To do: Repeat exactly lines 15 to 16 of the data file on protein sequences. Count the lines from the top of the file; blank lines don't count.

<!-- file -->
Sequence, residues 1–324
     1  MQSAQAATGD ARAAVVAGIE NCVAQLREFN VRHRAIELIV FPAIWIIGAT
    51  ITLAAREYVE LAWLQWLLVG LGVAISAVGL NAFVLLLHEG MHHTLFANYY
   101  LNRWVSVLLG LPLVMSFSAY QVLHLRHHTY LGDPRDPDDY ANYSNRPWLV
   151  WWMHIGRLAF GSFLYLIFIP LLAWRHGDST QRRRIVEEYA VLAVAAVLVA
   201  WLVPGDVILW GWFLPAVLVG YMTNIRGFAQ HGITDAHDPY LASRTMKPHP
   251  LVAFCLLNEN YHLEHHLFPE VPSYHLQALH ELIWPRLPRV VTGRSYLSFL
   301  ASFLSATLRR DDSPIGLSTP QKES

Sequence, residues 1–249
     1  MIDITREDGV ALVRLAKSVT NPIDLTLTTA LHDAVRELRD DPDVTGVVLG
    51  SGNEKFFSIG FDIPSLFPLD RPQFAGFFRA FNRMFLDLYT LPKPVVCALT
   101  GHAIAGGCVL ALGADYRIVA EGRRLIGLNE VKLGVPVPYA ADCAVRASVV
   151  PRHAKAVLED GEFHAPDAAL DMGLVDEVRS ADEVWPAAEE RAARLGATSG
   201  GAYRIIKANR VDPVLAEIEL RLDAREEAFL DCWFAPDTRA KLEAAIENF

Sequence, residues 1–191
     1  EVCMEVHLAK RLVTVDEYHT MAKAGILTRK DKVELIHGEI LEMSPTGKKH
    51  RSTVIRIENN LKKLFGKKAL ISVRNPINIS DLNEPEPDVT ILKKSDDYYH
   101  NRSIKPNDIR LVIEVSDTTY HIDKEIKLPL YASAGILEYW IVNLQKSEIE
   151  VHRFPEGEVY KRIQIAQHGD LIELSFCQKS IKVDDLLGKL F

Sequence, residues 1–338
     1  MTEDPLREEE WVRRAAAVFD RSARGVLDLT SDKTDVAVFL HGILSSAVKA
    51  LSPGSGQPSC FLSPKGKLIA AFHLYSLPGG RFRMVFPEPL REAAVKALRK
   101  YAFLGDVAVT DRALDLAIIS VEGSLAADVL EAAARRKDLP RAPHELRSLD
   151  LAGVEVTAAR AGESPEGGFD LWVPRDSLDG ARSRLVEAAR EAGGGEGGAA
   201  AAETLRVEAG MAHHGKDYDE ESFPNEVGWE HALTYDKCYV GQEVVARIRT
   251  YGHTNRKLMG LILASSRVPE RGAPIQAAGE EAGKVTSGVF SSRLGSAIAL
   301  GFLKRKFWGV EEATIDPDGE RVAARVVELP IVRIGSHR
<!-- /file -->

Sequence, residues 1–191
     1  EVCMEVHLAK RLVTVDEYHT MAKAGILTRK DKVELIHGEI LEMSPTGKKH